The Smurfs, those irrepressibly (some might say irritatingly) cheerful little blue socialists of Saturday morning television in the 1980s, will be coming to a big screen in 2011, just in time for the original audience to share their old blue friends with their children.
Columbia Pictures, Kerner Entertainment Company, and Sony Pictures Animation are so sure of the appetite for new stories of the Smurfs that they have announced three films about the Smurfs. The trailer for the first of the Smurfs films, introduced by Neil Patrick Harris, who will be seen in the first Smurfs movie, is all over the Internet, both on the Internet Movie Database (here) and on the Smurfs film’s own website (here).
Perhaps it is gutsy to have the openly gay Neil Patrick Harris as the spokesman for a family-friendly film about an almost all male race. There are virtually two casts. One group of actors, including Harris and Hank Azaria as the villanous Gargamel, portray the human figures that the Smurfs encounter in New York City (yes, the Smurfs end up in New York City). Others will be heard as the voices of the Smurfs. The one to listen for is Jonathan Winters as Papa Smurf, but Jeff Foxworthy as Handy Smurf and Wolfgang Puck as Chef Smurf sound intriguing. The Internet Movie Database page lists the full cast and up-to-date news on the production (here).
Where do Smurfs come from?
Considering that there is only one female Smurf, that question might be poignant. In fact, the Smurfs come from Belgium, a country with an amazing tradition of comic books that are recognized around the world as works of art. Maybe it is something in the waffles.
The real Papa Smurf was Pierre Culliford (1928-1992), known by his pseudonym Peyo. He introduced the Smurfs (Les Schtroumpfs in the original French; the word Smurfs comes from Dutch) in a Belgian magazine in 1958. The Smurfs appear in twenty-six albums, as Belgian comic books are called (sixteen created by Peyo himself, the rest created after his death by his son). Their big break came with the English language animated episodes, produced by Hanna-Barbera, which ran on NBC from 1981 to 1989.
Why such a wait for a live-action film about the Smurfs?
Although there were various animated theatrical releases featuring the Smurfs, this new film is the first live-action Smurfs film, unlike the other Belgian comics that I am familiar with. Tintin, whom I have written about on AC more than any other topic (my Tintin index), has two live-action films, and Steven Spielberg and Peter Jackson are producing and directing three more. Lucky Luke has one, and Asterix has three, two of which are supposedly the most expensive films ever made in French.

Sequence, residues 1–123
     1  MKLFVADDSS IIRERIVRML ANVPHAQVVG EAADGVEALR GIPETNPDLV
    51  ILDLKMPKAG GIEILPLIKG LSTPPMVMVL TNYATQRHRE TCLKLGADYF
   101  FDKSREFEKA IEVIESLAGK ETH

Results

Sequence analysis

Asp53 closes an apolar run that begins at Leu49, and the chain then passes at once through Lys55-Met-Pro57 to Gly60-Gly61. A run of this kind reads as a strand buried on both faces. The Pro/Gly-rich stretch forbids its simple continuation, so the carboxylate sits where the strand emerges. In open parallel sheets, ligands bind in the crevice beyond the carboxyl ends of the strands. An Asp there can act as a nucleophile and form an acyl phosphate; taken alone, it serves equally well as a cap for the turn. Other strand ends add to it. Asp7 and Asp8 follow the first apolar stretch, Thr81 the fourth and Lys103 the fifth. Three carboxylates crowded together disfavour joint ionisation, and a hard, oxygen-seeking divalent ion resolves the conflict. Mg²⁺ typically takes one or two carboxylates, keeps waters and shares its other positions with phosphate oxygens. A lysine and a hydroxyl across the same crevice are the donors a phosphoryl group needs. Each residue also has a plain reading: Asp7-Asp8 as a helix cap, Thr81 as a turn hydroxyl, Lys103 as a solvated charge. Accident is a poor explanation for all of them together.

The problem with a live-action film about the Smurfs is that if a studio puts out a casting call, not many Smurfs will turn up. While Tintin (more), Asterix (more), and Lucky Luke (more) are all human beings, the Smurfs are not and even rarely come in contact with humans in their bucolic little village. So, to start with, the Smurfs are moved to New York City.
Do the sweet little Smurfs have any controversies?
As each of the Smurfs works cheerily at an appointed task, money is never mentioned. Each Smurf seems to have what he needs. Is this a little too close to socialism? Some commentators have thought so (here).
Then, there is the problem of sexual companionship and reproduction, which even has a Facebook page, “Smurfs: Reproduction Enigma” (here), and various forums have questions about whether Smurfs are reptiles or mammals. One poster suggests that since there is only one Smurfette, she must lay eggs (here).
Belgian cartoons have a fairly unrealistic view of sex. In the United States, Donald Duck has Daisy, Mickey Mouse has Minnie, and Charlie Brown has Lucy (poor boy). The Tintin adventures are almost totally lacking in female characters. Asterix has a good friend Obelix, and at different times, they find different women attractive, but they still seem to prefer each other’s company (just company, let it be noted). Lucky Luke has… well, he has his dog and his horse.
But Tintin, Asterix, and Lucky Luke live in a world that is roughly identifiable with ours, and women are at least seen. In the closed environment of the Smurfs, there are only Smurfette and her younger sister Sassette, and both were not born as real Smurfs. Even the one Baby Smurf was delivered by stork, literally. Then there is Nanny or Granny Smurf, and no one is sure about her.
Will the Smurfs movie succeed?
In the United States, the Smurfs were all about marketing. Smurfs dolls and other items were available before the broadcast of the animated series, which seems to have been much more important at least in this country than the albums. Will marketing carry the movie?
Will the nostalgia of old fans of the Smurfs rediscovering their old blue pals, especially if they take their children to see the film, spell its success? Or will that nostalgia reject the slick new production with its high tech animation and 3-D effects as the machinations of Gargamel? Perhaps the Smurfs are returning a little too soon after Avatar. How many movies with blue characters can succeed at the box office?
Please check the links throughout the article.
Smurfs – Wikipedia, website
Peyo – Wikipedia, biography
The Smurfs (movie) – IMDB, website